Three well-dressed officials from a Seattle charity flanked one side of a meeting-room table while the multimillionaire creator of Internet Explorer, Ben Slivka, sat on the other in shorts, running shoes and a short-sleeve shirt with surfers on it.
During the past few years, the upper-crust air of older charitable foundations has been pierced by an informal, hands-on and sometimes more aggressive version. The exemplar is Social Venture Partners Seattle, or SVP.
Founded in 1997 by a few wealthy technology workers, the group grew to 285 donors by 2000, shrinking slightly during the downturn.
But it has weathered the economic forces that sank many high-tech startups, even spawning imitators in 22 cities.
SVP merges charity with new-style entrepreneurial impulses, creating what director Paul Shoemaker calls "a giving circle on steroids."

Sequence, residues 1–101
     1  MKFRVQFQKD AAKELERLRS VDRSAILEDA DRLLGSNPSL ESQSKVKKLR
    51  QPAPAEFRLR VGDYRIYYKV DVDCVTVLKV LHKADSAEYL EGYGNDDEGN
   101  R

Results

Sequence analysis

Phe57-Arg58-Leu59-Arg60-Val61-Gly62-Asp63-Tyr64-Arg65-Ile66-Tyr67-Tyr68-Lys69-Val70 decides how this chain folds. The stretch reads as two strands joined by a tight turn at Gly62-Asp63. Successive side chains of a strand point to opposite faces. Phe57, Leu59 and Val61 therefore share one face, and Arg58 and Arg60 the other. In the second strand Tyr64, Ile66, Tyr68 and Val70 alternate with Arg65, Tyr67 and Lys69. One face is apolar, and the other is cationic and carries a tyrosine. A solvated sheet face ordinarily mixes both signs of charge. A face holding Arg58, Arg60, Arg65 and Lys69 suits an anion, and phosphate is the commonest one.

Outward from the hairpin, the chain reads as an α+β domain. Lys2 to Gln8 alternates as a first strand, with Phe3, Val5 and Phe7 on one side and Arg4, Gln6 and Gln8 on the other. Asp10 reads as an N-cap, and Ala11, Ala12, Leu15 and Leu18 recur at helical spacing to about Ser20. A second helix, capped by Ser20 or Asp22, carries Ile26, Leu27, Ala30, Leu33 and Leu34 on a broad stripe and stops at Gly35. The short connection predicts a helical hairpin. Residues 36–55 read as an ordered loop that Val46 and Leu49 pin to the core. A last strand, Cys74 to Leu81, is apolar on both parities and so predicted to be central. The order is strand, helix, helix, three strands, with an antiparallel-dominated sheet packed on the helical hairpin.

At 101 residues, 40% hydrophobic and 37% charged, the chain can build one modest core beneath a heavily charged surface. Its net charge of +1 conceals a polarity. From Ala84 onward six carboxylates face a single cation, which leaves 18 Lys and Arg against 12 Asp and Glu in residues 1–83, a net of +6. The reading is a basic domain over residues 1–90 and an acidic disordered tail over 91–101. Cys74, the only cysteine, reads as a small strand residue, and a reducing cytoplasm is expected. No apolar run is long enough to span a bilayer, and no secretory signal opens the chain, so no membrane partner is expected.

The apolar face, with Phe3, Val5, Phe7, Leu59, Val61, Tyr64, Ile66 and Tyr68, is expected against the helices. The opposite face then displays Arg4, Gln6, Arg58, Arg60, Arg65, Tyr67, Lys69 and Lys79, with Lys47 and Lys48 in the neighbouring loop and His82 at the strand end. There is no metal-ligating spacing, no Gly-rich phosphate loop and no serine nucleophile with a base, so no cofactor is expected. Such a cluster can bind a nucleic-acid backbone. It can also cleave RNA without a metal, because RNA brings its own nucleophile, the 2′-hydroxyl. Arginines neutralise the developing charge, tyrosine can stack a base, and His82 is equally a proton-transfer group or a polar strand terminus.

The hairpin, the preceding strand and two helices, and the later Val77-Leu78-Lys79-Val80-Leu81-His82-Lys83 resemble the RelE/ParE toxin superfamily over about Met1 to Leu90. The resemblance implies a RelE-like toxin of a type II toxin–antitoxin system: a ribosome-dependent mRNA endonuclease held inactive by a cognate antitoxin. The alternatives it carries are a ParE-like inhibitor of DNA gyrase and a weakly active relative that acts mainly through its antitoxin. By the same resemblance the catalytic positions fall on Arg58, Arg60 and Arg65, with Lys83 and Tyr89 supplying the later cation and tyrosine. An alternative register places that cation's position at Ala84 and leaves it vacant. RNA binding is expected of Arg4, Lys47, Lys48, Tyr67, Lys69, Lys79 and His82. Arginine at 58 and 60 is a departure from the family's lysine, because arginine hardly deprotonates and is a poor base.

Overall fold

Members pool money for selected causes, giving at least $5,500 a year for two years while volunteering time to provide hands-on business savvy.
The group attracted Slivka, whose unassuming appearance belies his wealth: He was lead creator of Microsoft's Web browser. At Seattle MESA, which promotes math and science education for minority and female students, he helped redesign the Web site, attended MESA events and talked monthly with the group's director.
While SVP remains a small, four-employee operation, it has caught the attention of the philanthropic world. "It's been stretching people's minds in a good way," said Putnam Barber, of The Evergreen State Society, a think tank for nonprofits. "The idea that the funder should roll up their sleeves and get dirty with the grantee is a genuinely provocative idea."
— Warren Cornwall